A veggie road trip: Three must-stops for meatless nomads
For 40 years, we have done our part to celebrate “the glory that is American food,” and “wow, have things changed,” said Jane and Michael Stern in Roadfood: Tenth Edition (Clarkson Potter). Back in the 1970s, before we published our first eater’s guide, a lot of our readers hadn’t even heard of buffalo wings. But while many folks have since gotten wise to America’s casual culinary treasures, the vegetarians among them have always had to look harder. Here are three spots they shouldn’t miss.
Green Vegetarian CuisineSan Antonio. In meatmad San Antonio, there seems to be only one place to turn to for a good vegetarian meal, and “it’s a doozy.” Chris and Mike Behrend’s diner serves dense veggie shakes, an “extremely hearty” veggie chili, and many standout meat substitutes. The smoky mock ham is the undisputed star of a “tremendously satisfying” sandwich stacked with avocado, tomato, onions, and jalapeño jelly. 200 E. Grayson St., Suite 120, (210) 320-5865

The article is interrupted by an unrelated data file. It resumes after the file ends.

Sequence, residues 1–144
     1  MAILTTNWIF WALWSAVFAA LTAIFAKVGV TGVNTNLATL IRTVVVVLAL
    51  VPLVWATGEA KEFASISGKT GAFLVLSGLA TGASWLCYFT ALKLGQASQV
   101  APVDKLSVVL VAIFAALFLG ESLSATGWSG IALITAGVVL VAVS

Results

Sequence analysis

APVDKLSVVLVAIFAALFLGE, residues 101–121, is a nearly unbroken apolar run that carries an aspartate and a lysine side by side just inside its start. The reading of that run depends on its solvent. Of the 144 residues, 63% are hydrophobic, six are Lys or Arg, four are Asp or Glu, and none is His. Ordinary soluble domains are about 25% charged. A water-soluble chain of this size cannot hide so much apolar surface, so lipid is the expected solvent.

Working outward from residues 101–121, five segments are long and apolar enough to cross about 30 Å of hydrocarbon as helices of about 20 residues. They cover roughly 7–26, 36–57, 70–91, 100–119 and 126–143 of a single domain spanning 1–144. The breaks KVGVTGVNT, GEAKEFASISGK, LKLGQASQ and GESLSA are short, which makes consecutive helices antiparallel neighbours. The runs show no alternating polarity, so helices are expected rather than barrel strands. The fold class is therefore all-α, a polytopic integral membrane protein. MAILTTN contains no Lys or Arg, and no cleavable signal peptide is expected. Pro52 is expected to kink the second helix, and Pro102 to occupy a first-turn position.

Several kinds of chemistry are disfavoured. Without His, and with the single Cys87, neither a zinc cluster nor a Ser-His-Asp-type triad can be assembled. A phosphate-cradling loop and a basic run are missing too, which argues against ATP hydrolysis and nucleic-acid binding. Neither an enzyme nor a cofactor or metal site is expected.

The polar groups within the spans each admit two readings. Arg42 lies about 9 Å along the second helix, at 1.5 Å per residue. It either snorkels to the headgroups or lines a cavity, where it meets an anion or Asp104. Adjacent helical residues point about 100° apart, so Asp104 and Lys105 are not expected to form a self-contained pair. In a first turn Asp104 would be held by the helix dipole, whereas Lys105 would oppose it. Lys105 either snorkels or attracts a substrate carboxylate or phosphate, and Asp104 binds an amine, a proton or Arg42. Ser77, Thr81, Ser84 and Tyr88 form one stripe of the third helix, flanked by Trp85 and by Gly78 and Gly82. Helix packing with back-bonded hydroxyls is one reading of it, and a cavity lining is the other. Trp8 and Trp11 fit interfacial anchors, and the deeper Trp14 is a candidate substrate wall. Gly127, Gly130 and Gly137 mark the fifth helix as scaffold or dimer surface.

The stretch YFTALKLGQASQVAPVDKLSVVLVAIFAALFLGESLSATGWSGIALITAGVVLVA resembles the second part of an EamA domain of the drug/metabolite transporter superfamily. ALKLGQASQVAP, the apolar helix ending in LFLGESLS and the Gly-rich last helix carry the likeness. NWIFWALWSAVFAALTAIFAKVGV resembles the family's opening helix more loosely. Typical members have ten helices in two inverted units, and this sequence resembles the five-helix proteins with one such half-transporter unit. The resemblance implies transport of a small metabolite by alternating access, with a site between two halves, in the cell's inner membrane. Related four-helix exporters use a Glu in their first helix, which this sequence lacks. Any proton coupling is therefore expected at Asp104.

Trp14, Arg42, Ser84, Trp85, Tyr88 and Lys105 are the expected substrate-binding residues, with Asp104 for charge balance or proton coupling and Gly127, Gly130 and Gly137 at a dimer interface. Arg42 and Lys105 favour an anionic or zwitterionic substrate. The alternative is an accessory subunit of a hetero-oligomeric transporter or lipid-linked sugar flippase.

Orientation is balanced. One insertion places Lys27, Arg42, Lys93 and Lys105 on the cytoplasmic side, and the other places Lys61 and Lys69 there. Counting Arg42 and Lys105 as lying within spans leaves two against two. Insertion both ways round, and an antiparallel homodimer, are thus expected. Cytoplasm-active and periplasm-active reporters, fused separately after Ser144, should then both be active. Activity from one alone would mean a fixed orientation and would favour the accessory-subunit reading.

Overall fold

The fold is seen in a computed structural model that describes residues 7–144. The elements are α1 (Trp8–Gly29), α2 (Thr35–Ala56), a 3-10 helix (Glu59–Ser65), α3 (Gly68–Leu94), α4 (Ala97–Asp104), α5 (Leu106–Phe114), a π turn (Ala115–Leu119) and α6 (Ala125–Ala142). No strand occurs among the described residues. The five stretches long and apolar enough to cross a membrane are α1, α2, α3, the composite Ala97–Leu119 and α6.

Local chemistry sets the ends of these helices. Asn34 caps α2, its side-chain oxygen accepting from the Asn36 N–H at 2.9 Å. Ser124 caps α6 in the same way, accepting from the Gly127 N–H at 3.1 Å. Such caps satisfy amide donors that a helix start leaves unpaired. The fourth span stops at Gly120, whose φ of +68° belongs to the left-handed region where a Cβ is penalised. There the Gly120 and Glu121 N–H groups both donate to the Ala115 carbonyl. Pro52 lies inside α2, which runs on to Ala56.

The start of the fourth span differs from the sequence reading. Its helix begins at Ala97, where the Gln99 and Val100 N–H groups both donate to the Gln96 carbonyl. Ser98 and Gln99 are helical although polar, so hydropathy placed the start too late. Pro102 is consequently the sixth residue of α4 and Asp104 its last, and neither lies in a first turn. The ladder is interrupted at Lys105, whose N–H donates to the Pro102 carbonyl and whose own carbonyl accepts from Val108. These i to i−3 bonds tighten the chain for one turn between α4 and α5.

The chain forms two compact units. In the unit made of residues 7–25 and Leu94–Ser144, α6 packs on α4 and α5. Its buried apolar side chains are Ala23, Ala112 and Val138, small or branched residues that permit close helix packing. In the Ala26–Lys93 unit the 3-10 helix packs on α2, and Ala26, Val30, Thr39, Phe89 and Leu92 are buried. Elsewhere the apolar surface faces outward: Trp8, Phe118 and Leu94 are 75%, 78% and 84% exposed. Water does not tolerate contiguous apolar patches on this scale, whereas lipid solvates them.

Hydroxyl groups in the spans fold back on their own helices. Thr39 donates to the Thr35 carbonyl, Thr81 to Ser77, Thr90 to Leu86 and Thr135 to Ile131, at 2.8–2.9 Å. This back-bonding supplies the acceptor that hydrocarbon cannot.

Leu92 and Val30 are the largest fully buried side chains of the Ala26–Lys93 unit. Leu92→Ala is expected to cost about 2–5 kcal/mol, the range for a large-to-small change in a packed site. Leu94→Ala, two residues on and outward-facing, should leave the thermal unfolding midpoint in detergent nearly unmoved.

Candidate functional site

Little Cafe Poca CosaTucson. Not all the dishes are meatless at this vegetarian-friendly breakfast-and-lunch joint, the sibling of a superb Mexican restaurant down the road. But Sandra Davila’s gazpacho is a must even for carnivores, and we can never resist her tamale de elote, a “soufflé-like” swirl of sweet corn, cornmeal, chiles, and cheese stuffed into a corn husk. 151 N. Stone Ave., (520) 622-6400
The CupboardMemphis. Charles Cavallo, the owner of this Music City down-home institution, is a fresh-food fanatic, so every tomato and sweet potato and especially his meatless turnip greens taste like they’ve just arrived from the farm. You can even buy local produce on your way out. 1400 Union Ave., (901) 276-8015